How to Use A Lifeline
A lifeline is ideal if you are making a pattern that is large and/or complicated for you. It is often used in lace knitting, but can be used in any type of knitting and by knitters of every skill level. By threading a string through your row or round of knitting where you know you are correct, you can later frog (undo) your knitting if you make a mistake. You’ll be able to put the stitches back on your needle without dropping any or getting them twisted. When doing a difficult lace pattern, it is a good idea to place a lifeline about every 10 rows, so if a mistake is made you won’t have to frog too much of the work.
Placing the Lifeline
To make a lifeline, you will need a yarn needle (the same one you use to weave in your ends) and a smooth contrasting piece of yarn or string. Make sure your contrasting piece of yarn is not one that might rub color off onto your project, or one that is bulky or textured. Ideally it is smaller than the yarn you use for your project. Some people like to use plain dental floss. The yarn for the lifeline should be longer than your piece of work.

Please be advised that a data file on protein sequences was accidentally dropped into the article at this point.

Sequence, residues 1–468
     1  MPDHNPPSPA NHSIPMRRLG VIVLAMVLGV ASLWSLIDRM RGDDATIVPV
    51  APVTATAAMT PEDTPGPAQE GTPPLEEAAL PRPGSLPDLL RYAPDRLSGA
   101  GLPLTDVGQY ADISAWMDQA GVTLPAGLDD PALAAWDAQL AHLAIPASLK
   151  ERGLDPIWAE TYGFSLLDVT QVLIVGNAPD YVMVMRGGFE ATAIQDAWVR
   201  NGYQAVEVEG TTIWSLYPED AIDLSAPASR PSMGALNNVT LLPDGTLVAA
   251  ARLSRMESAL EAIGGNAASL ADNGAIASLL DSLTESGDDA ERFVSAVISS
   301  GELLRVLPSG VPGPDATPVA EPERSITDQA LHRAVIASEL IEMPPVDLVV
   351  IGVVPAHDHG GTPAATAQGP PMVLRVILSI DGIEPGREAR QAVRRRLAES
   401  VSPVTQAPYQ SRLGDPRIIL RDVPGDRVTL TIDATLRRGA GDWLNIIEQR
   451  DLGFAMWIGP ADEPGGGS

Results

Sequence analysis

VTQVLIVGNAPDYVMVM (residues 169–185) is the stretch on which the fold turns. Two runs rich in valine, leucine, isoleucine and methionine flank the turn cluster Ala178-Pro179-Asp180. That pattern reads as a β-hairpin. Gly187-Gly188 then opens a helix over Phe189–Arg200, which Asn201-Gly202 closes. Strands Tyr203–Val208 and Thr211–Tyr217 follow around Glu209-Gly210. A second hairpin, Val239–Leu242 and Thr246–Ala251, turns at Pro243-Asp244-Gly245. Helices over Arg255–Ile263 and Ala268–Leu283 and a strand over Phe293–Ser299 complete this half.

Knit until you are ready to put the lifeline in. Count your stitches and check the pattern to make sure you are happy with how the project looks so far.
Thread your yarn onto the yarn needle, and then thread the yarn needle through every stitch on the needle. When you've finished, you will have a piece of yarn and the needle through every live stitch.
Remove the yarn needle, and leave the lifeline in place. Ignore the lifeline, and continue knitting in pattern.
Using the Lifeline
Use the lifeline when you find a mistake in your pattern and you need to rip out rows to remove it.
Remove the needles from your project, and frog (rip out) the project until you reach the lifeline. Once you reach the lifeline, your project will not rip out any more until you remove the lifeline, so you don't have to worry about accidentally ripping back too far or about dropping individual stitches.
Now, place the stitches on the lifeline back onto the needles, making sure not to twist them, and start knitting again.